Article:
The once-splendid Metropole Hotel, which still stands proud by the sea, used to be reserved for A-listers but is currently home to 400 asylum-seekers.
A week ago, the city received a $40 million top-up grant.
But locals claim that’s not enough, saying the council needs to restore the back streets to their former glory.
Karen McKinlay, 66, is a retired psychotherapist who has lived all her life in Blackpool.
She says: “It absolutely brings people to the city, but I have concerns about how much it means to the area.
“I don’t think the stars wander the dingy streets behind the ballroom, they probably have a safe place to stay.
“My husband calls the area Beirut because it’s so run down it’s like a slum.”
Karen claims that half the stores are now “buckling themselves” while the rest are “severely neglected” or discount stores.
“The street is full of junkies, alcoholics and prostitutes. I advise people to avoid Central Drive,” she adds.
“The Metropole Hotel accommodates asylum seekers. The hotel used to be the most prestigious in the area – it speaks to the decline in tourism.
“I feel sorry for them and understand they have somewhere to go, but we should mind our own. We should invest in social housing and help the homeless on the streets of Blackpool.
“We should give priority to local people in housing and lodging.”
Children terrorize locals
Joke shop owner Sam Parker, 52, has lived all her life in Blackpool and says Strictly is great for spreading the word about the town, but it’s not enough to save it.
She says: “Over the years there has been a decline in the high street and B&B guest houses.
“People used to come to Blackpool for up to a week, now they only come for a day.
“This morning I parked my car and one of the builders said, ‘Don’t leave anything on display because I just saw a burglary’.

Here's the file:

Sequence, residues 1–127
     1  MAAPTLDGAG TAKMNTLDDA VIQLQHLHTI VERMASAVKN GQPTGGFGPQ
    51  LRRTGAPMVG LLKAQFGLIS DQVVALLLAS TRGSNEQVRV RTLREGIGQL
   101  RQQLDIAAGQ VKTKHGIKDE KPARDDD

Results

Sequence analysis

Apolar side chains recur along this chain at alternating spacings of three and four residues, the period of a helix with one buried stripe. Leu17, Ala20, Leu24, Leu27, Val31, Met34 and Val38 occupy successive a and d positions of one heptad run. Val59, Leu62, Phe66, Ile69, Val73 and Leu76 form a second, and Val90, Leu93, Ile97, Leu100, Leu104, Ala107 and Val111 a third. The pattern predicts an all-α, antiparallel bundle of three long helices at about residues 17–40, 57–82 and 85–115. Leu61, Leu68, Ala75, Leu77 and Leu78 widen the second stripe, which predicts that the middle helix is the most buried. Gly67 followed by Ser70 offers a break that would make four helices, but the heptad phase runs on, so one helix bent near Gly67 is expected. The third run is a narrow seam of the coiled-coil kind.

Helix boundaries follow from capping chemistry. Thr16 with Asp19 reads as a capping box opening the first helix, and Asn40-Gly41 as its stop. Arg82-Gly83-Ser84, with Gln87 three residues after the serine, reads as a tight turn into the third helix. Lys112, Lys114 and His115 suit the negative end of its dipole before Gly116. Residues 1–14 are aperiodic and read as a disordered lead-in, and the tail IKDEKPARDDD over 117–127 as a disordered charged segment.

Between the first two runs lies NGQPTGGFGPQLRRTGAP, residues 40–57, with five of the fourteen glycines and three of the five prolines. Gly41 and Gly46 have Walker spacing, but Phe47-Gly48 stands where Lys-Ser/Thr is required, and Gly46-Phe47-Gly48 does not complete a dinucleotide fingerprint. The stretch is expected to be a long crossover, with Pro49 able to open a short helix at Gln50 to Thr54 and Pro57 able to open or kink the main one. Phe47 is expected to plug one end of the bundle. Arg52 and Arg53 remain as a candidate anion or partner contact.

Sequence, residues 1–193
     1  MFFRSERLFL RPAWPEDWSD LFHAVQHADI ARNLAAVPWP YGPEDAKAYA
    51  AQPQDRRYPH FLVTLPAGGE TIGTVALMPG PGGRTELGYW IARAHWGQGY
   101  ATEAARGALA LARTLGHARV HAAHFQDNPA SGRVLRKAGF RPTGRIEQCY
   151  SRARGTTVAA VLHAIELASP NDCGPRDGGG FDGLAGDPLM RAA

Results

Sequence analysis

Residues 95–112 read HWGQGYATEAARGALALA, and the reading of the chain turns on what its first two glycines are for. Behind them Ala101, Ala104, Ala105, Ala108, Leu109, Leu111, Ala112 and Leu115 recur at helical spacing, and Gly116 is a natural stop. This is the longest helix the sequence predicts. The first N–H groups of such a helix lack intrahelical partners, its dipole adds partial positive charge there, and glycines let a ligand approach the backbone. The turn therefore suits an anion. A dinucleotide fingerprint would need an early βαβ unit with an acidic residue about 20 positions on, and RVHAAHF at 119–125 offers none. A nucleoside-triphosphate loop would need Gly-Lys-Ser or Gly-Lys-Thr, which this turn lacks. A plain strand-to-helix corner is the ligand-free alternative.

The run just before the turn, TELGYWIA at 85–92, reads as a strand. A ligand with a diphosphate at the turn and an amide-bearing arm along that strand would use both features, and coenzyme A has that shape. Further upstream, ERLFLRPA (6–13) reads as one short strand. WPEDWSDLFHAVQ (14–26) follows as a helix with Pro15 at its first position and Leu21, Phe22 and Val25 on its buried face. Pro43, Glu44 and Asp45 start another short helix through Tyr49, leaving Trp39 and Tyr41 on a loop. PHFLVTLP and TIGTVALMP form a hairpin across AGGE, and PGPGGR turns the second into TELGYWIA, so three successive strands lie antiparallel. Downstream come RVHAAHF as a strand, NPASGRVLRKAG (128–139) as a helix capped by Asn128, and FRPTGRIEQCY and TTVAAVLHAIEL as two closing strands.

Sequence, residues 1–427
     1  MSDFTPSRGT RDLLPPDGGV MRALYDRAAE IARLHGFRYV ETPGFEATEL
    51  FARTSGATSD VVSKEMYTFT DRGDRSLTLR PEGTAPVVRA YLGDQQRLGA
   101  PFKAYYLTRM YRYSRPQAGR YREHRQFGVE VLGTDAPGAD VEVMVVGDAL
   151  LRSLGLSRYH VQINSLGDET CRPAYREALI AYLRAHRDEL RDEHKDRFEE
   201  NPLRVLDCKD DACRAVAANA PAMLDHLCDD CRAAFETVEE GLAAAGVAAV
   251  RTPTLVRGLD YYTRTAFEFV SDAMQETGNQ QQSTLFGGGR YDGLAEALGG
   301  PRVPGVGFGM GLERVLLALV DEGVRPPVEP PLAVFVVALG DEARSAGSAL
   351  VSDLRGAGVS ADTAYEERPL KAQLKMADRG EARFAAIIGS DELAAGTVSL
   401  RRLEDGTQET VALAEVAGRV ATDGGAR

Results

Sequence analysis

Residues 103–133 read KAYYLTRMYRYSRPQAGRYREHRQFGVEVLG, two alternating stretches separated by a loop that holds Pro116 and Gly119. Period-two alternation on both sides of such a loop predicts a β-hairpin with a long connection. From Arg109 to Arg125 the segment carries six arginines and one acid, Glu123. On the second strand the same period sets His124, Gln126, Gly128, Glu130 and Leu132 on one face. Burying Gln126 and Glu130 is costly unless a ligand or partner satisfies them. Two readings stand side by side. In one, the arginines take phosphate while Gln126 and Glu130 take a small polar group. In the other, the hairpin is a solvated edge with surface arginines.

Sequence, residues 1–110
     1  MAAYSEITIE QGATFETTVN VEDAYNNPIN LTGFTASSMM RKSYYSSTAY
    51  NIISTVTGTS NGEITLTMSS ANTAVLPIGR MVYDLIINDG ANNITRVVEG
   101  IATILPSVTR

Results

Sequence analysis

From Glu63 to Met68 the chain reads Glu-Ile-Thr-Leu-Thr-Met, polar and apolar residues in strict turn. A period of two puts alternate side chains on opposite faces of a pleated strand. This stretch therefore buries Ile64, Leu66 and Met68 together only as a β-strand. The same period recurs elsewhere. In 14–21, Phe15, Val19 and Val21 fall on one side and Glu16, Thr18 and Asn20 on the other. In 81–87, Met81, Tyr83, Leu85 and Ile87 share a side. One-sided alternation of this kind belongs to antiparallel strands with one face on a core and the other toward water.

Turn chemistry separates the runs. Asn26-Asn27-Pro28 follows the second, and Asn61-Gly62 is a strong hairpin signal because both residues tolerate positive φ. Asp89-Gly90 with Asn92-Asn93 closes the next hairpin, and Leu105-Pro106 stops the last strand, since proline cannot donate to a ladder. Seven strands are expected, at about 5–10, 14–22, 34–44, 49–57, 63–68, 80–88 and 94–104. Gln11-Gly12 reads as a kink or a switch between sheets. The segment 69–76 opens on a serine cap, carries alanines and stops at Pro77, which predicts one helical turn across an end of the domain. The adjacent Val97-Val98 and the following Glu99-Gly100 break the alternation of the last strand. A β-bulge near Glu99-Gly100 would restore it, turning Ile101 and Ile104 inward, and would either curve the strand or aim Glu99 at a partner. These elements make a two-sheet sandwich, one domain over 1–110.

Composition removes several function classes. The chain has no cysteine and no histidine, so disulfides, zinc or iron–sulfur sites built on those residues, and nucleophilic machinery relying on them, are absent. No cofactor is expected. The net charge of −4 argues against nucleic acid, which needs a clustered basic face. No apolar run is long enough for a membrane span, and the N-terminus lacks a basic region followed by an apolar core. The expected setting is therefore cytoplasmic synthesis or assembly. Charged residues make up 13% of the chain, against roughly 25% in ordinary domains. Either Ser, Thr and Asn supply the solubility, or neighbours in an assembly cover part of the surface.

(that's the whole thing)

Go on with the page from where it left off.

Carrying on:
This morning I parked my car and one of the builders said, “Don’t leave anything on display because I just saw a burglary.”
Sam Parker, resident of Blackpool
“The children between 10 and 15 years terrorize us all summer long. They come in and steal things.
“They’ve always been a nuisance but they’re only getting worse because nothing is being done about it and they know they can get away with it.”
Sam has been told her family business, which opened in 1969, will have to close due to the £300million leisure development in January.
She adds: “Our store is being demolished to make way for the car park. It’s annoying because we’re successful as a company.
“The area needs rehabilitation but there are so many shops that are closed and the unemployment rate is sky high that you would think they would include us in their plans.
“We’ve been here for decades and keep people busy. It’s really sad because the store means a lot to the locals.”
Mugged on Main Street
A local resident, who wished to remain anonymous, added: “Main Street used to be wonderful. It’s a dangerous place now.
“An elderly woman I know was attacked there at 4pm in broad daylight.
“The locals don’t dare to walk these streets alone, especially at night. They’re full of junkies and shady characters.”
Steven Waters, 46, moved to the area from Swindon last month.
Currently unemployed, he says he traveled frequently to Blackpool as a young lad and was drawn by the low house prices, but insists the area needs refurbishing.
He says: “When you see Blackpool on Strictly it looks amazing and gives you a certain image of what it’s like.
Locals do not dare to walk these streets alone, especially at night. It’s full of junkies and sketchy characters
“When people come to visit, it doesn’t live up to their expectations.
“If people came here after seeing the show, they would be shocked.
“In the middle is an abandoned Woolworths. It’s an eyesore, the ceiling has collapsed and is rotting.
“There are more homeless people now – that needs to be addressed.
“When tourists come here and see the burnt down buildings, they will not want to come back.
“The city could be restored to how it was in the 1980s. She just needs a drastic makeover.
“The appeal of Blackpool was that you could come on a whim and there was always a place to stay and always something to do, but that’s not the case anymore.
“It was ruined by package tours. Covid has meant more people are holidaying in England and Blackpool has been busy this year.
“So who knows, maybe new holiday habits will encourage tourists to visit.”
https://www.the-sun.com/news/6720105/real-blackpool-strictly-addicts-crime-broke-britain/ Crumbling shops, junkies loitering and locals too scared to shop… how REAL Blackpool is “worlds away” from Strictly Glitz